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14 July, 2024
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Cyprus police question Russian businessman linked with Beirut deadly cargo

Responding to a request by Interpol, Cyprus police located and questioned the Limassol-based Russian owner of the vessel that carried the deadly cargo to Beirut


Cyprus police said Thursday that they located and brought in for questioning the Limassol-based Russian who has been identified as the former owner of the company that managed the vessel from which the 2,700 tonnes of ammonium nitrate that caused Beirut’s deadly blast late on Tuesday were unloaded.

According to the spokesperson for the Cyprus law enforcement authorities, Christos Andreou, responding a request by Interpol, local police tracked down the 43-year-old Russian businessman, Igor Grechushkin.

The 43-year-old was brought in for questioning regarding the cargo that caused the devastating blasts that left at least 135 dead and 5,000 wounded in the Lebanese capital, with his responses expected to be relayed to Lebanese authorities later on Thursday.

According to Russian media, in 2013, Lebanese authorities confiscated some 2,750 tons of ammonium nitrate, a combustible material used to make fertilizers (and bombs), from a Moldova-flag ship called the Rhosus, leased by Grechushkin,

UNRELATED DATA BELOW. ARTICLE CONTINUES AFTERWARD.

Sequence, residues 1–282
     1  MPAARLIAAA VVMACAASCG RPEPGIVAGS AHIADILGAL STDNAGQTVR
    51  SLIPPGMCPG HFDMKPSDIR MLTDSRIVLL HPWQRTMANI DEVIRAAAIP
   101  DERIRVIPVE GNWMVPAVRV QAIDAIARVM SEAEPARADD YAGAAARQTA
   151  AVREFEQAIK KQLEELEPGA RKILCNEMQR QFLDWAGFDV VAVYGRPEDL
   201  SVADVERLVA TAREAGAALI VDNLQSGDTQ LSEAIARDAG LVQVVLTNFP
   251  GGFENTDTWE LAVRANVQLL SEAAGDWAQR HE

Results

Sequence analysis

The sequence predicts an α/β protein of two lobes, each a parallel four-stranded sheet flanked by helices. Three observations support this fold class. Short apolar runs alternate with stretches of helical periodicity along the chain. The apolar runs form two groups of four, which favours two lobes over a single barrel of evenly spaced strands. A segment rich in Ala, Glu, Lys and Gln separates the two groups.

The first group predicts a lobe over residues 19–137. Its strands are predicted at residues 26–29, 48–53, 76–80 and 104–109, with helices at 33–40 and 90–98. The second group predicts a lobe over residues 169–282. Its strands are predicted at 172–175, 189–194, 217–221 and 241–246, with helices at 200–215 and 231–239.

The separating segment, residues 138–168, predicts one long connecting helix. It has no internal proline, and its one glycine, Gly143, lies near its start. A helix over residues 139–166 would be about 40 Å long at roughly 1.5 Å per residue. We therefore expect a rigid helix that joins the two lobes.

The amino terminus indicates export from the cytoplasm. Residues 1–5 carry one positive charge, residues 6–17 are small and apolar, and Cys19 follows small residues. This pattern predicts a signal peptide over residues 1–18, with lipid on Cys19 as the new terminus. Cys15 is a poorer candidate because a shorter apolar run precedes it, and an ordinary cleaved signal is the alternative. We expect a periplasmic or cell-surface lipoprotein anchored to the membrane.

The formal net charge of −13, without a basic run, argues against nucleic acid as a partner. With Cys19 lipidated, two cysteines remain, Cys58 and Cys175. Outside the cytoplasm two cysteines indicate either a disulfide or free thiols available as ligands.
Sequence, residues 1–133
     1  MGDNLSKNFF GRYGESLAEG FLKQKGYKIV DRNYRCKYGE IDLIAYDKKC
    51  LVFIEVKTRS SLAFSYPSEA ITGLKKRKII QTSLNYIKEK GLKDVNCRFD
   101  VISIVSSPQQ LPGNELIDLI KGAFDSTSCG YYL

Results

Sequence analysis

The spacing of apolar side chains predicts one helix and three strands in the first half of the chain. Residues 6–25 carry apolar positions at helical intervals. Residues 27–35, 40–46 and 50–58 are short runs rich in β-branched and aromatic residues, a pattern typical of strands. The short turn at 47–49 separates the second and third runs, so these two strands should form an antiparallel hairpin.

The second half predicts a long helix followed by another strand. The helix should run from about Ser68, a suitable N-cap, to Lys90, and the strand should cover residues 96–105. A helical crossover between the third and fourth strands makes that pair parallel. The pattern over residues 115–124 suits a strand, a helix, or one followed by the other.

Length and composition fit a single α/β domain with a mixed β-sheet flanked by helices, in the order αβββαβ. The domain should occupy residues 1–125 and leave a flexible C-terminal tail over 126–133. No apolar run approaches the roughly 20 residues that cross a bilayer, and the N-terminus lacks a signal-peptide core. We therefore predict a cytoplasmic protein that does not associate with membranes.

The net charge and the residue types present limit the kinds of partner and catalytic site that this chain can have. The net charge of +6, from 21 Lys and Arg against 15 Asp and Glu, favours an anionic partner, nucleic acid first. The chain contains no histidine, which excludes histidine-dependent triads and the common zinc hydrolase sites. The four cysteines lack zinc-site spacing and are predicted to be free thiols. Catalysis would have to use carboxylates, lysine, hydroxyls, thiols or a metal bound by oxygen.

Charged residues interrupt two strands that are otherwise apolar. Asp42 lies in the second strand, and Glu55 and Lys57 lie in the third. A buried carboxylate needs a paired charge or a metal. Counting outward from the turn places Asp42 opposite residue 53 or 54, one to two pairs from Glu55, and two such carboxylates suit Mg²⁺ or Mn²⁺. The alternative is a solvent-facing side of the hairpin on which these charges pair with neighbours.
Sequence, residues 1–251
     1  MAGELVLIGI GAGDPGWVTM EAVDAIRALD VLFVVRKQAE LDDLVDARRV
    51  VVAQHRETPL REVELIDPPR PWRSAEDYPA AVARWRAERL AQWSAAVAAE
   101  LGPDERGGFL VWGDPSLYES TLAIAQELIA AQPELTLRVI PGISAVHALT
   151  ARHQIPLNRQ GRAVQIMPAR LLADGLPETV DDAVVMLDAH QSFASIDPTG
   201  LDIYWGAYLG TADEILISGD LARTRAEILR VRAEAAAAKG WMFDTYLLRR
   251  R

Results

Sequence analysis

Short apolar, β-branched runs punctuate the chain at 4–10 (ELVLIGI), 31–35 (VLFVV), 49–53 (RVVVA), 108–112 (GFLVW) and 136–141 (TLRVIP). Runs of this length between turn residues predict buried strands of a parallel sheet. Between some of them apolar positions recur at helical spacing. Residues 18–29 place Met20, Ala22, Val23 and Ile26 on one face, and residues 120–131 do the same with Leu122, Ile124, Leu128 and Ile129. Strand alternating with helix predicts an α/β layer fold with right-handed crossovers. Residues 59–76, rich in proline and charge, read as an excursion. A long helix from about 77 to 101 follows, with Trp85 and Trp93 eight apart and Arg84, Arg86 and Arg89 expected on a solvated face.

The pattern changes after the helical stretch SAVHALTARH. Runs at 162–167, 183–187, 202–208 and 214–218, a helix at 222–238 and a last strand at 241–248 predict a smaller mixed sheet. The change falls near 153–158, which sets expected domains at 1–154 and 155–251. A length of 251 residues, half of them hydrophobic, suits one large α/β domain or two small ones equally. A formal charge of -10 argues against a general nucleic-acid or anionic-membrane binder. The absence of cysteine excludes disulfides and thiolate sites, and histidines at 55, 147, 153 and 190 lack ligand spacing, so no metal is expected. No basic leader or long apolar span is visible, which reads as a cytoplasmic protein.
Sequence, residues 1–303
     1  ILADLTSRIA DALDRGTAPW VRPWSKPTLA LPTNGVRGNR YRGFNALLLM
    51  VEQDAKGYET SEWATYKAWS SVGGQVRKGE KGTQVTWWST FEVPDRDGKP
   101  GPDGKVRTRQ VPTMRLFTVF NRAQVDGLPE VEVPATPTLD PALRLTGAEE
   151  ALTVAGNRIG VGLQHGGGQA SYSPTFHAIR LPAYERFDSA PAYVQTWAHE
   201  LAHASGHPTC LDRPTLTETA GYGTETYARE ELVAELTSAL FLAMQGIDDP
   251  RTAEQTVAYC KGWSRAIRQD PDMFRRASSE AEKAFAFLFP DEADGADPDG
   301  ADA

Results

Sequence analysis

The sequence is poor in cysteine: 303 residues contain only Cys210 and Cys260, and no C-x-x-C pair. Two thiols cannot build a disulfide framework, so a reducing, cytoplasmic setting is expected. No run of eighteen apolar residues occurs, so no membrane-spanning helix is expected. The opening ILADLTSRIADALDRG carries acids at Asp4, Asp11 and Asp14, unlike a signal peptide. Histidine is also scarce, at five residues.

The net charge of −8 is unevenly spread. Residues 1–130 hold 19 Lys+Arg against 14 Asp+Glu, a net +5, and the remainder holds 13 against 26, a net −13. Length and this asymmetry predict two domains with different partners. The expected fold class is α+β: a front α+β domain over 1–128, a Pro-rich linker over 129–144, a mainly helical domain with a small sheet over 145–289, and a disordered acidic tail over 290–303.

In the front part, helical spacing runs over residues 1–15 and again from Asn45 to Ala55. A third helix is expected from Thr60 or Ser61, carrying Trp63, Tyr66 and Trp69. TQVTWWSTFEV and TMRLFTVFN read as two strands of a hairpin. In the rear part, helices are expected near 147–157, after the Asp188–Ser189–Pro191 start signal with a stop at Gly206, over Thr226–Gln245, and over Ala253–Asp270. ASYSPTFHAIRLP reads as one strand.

The Rhosus was reportedly en route from Georgia to Mozambique, but it never reached its destination due to the Russian businessman’s entanglement in a financial and diplomatic dispute, with Grechuskin, who was in Cyprus at the time, instructing the vessel’s captain to head for Beirut claiming he couldn’t shoulder the cost for passage through the Suez Canal, international media have reported.

The vessel, about 30 or 40 years old, was deemed unseaworthy by Lebanese officials, who impounded the vessel for failing to pay the port docking fees and other charges, with Grechuskin being out of reach and abandoning the ship he had leased, reports said, leaving the mixed Russian-Ukrainian crew stranded, some of whom were not allowed to leave the port until 2014 due to the outstanding debt.

The rage of the Lebanese public has focused on authorities there, who were aware of the deadly cargo but failed to take action. Heads have particularly turned toward the judiciary, which had received at least six requests from senior customs officials for guidance on how to dispose of the ammonium nitrate but failed to respond.

Cyprus  |  police  |  Russian  |  businessman  |  Rhosus  |  vessel  |  Beirut  |  Lebanon  |  blast  |  explosion  |  ammonium nitrate  |  port  |  debt

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